We held our first Cundill Centre Scientific Retreat on May 13. The retreat brought Cundill Scholars, Fellows, local Mentors, trainees and research staff together to discuss project progress; collaborate to solve project challenges; brainstorm ideas for new projects; and share experiences. Presenters were asked to explain how their work would impact public health and how they would use knowledge translation to ensure research findings would be taken up in practice. Feedback was positive; everyone who attended said they would do it again next year—so we will!


Cundill Centre Speaker Series


Digital Phenotyping for Early Relapse Detection in Youth Depression

Drs. John Strauss and Marco Battaglia presented preliminary results of the Depression Early Warning Study, which aims to use mobile and wearable technology to predict relapse in youth depression.


Drs. John Strauss (left) and Marco Battaglia (right)


Key Messages

  • The Depression Early Warning study uses wearable and mobile technology to examine the relationship between physical activity, sleep patterns, mood and behaviour in depressed youth.
  • Variation in one or more of these metrics may predict depression relapse. This information could be used to inform relapse prediction software agents for clinicians.
  • The methods seem promising; data collected in the next year or so will give us a better idea of what contributes to depression relapse; however, the development of relapse prediction software is still a long way away.

2019 Update on the Child and Youth Mental Health Collaborative

Dr. Szatmari presented on the key successes and future plans of the Child and Youth Mental Health Collaborative, a partnership between CAMH, SickKids and the Division of Child & Youth Mental Health at the University of Toronto.


Key Successes

  • Child and Youth Acute Care Collaborative
  • Health Partnership Table
  • Urban tele-psychiatry
  • Several multi-site clinical trials
  • The most sought after training program in the country

Future Plans

  • Build a better system across the GTA with academic partners, primary care and Ontario Health Teams
  • Support research productivity across sites
  • Standardize Urgent Care Clinics across the Division
  • Implement evidence-based medicine curriculum for PGY 1-3 residents

More Knowledge Sharing


We are happy to share our recent editorials and publications with you. Please contact us at Cundill.Centre@camh.ca if you have difficulty accessing the articles.



The Forest and the Trees: Evidence-Based Medicine in the Age of Information

A case study of a 15-year-old girl with moderate to severe depression is used to illustrate the benefits of clinical practice guidelines to child and adolescent psychiatrists, as well as the benefits of systematic reviews and meta-analyses, the limits of primary studies and evidence syntheses and other considerations for clinicians.

Digital Phenotyping with Mobile and Wearable Devices: Advanced Symptom Measurement in Child and Adolescent Depression

This article discusses the concept of digital phenotyping and its application towards improving child and adolescent depression. It describes passive and active forms of data collection via mobile phones and wearables, including mobile app-based Ecological Momentary Assessment.

Putting Practicality into “p”: Leveraging General Factor Models of Psychopathology in Clinical Intervention

This article discusses how advanced statistical modeling of mental illness symptom data can be effectively leveraged to provide valuable insight into mental illness clinical treatment. It describes how mental illness data collected on large numbers of individuals can be best analyzed to provide information that may be useful to improve the well-being and lived experience of individuals suffering from mental illnessess.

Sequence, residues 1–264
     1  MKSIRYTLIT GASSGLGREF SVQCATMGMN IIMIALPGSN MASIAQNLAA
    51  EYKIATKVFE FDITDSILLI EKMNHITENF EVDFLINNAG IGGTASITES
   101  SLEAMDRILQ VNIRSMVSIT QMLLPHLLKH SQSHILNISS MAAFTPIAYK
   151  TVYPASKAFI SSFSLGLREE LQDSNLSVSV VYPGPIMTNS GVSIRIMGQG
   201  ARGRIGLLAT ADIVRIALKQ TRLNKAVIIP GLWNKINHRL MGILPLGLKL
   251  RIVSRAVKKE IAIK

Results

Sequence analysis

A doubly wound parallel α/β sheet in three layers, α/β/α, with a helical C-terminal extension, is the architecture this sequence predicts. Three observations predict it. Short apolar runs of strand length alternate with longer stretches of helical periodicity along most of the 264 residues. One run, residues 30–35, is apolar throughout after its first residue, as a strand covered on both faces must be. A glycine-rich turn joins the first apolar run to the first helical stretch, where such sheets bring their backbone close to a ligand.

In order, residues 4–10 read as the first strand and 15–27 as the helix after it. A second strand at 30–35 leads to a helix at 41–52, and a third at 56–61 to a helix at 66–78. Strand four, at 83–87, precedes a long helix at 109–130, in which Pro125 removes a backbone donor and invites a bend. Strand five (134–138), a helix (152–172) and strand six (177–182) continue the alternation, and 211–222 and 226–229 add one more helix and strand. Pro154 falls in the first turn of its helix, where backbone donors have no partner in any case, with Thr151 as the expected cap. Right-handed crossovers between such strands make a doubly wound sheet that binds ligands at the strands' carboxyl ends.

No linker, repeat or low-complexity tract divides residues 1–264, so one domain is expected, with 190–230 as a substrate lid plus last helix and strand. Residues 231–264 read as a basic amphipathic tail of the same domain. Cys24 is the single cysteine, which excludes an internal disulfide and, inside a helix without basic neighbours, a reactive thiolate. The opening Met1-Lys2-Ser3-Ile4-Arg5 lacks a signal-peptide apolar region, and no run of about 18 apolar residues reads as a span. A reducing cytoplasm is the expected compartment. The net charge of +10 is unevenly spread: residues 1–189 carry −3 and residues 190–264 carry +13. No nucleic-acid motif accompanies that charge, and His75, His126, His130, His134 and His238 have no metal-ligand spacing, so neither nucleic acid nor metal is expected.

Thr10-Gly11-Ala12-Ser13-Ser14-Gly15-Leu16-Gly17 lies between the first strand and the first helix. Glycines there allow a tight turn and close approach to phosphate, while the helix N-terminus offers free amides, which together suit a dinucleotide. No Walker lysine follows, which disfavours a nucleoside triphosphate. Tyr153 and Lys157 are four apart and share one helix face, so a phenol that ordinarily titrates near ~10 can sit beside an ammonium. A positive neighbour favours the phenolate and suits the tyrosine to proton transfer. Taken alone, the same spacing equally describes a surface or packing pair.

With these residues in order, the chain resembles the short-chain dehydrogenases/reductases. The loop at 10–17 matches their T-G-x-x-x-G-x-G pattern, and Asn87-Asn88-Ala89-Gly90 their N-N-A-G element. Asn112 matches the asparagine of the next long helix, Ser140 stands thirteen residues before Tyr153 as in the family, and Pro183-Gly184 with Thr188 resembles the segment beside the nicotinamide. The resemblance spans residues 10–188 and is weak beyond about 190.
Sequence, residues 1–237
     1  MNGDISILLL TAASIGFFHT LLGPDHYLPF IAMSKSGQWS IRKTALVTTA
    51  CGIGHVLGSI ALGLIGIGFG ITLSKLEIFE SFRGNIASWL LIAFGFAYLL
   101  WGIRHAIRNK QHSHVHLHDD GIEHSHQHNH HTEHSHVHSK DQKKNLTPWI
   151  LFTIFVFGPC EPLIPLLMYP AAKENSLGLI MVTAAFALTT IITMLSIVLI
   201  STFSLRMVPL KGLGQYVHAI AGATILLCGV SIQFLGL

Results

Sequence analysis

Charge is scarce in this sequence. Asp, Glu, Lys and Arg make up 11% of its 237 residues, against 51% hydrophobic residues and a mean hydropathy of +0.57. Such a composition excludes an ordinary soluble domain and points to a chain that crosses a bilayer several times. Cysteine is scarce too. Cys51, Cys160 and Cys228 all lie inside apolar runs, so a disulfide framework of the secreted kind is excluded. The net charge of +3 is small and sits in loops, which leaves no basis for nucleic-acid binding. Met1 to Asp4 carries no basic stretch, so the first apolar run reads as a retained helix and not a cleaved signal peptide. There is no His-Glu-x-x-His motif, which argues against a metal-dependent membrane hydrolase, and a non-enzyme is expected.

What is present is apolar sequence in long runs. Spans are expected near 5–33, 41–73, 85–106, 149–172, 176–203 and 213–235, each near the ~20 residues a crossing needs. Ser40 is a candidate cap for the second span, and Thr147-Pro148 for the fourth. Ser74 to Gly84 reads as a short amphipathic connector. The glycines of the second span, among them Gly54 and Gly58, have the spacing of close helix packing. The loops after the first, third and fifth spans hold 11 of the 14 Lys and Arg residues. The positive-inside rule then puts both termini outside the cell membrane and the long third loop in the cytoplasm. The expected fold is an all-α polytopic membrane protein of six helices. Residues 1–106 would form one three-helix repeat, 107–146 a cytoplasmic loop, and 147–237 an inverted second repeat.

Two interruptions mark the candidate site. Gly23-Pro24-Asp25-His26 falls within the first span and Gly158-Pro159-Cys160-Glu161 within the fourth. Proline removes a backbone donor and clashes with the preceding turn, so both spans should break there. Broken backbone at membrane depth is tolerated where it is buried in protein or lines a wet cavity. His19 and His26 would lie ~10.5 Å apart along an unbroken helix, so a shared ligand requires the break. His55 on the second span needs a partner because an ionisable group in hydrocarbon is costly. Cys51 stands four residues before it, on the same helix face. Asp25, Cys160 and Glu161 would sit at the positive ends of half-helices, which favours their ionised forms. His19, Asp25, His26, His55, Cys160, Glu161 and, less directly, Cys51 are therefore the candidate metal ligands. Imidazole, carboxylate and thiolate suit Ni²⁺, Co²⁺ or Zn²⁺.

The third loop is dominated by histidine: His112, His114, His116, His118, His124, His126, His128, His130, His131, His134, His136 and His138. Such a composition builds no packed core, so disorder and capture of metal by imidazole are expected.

Improving outcome reporting in clinical trial reports and protocols: study protocol for the Instrument for reporting Planned Endpoints in Clinical Trials (InsPECT)

A scoping review of evidence-based interventions for adolescents with depression and suicide related behaviors in low and middle income countries

Nash-wo-Numa (childhood growth & development) study protocol: factors that impact linear growth in children 9 to 15 years of age in Matiari, Pakistan


Meet Our Team


Dr. Stephanie Ameis, Associate Director of the Cundill Centre

Dr. Ameis is a Clinician-Scientist in the Child and Youth Mental Health Collaborative at the Hospital for Sick Children and CAMH and an Associate Professor in the Department of Psychiatry at the University of Toronto.

Full Bio

What excites you about the field of child and youth depression?

  1. If we can make a difference in the prevention and treatment of depression in children and youth, we can have a huge impact on long term health in adulthood!
  2. I am excited to improve research and care for children and youth who have depression as well as other mental health diagnoses (e.g., autism spectrum disorders); these children and youth are often excluded from participating in depression research and even accessing treatment opportunities.

What are you most looking forward to in your new role as Associate Director of the Cundill Centre?
Mentoring young scientists and helping them to flourish and contribute to the field.

What’s the most interesting thing about you that’s not on your resume?
I love personal stories, and I love to be active, play and connect. These are major factors that drew me to psychiatry and to child and youth psychiatry, in particular.


Sharon Neufeld,
Cundill Fellow

Sharon Neufeld is a quantitative psychologist and research associate at the University of Cambridge. She will be starting a post-doctoral fellowship with the Cundill Centre to discern mechanisms of treatment action in the IMPACT trial, a randomized control trial of psychotherapies for depressed adolescents.

Full Bio

What excites you about the field of child and youth depression?
It’s exciting that there are multiple psychotherapies that have been shown to be equally effective in treating youth depression–which means we can target treatment based on young people’s individual needs. It’s also very encouraging that the services young people are receiving in the community are indeed effective in the real world, beyond the idealized randomized control trial. Now we need to keep working to ensure that young people get access to the treatment they deserve.

What’s the most interesting thing about you that’s not on your resume?
I love back country exploring (skiing, canoeing, hiking) and have shared the joy of music through conducting several community choirs.


Thanks for reading! We look forward to updating you soon.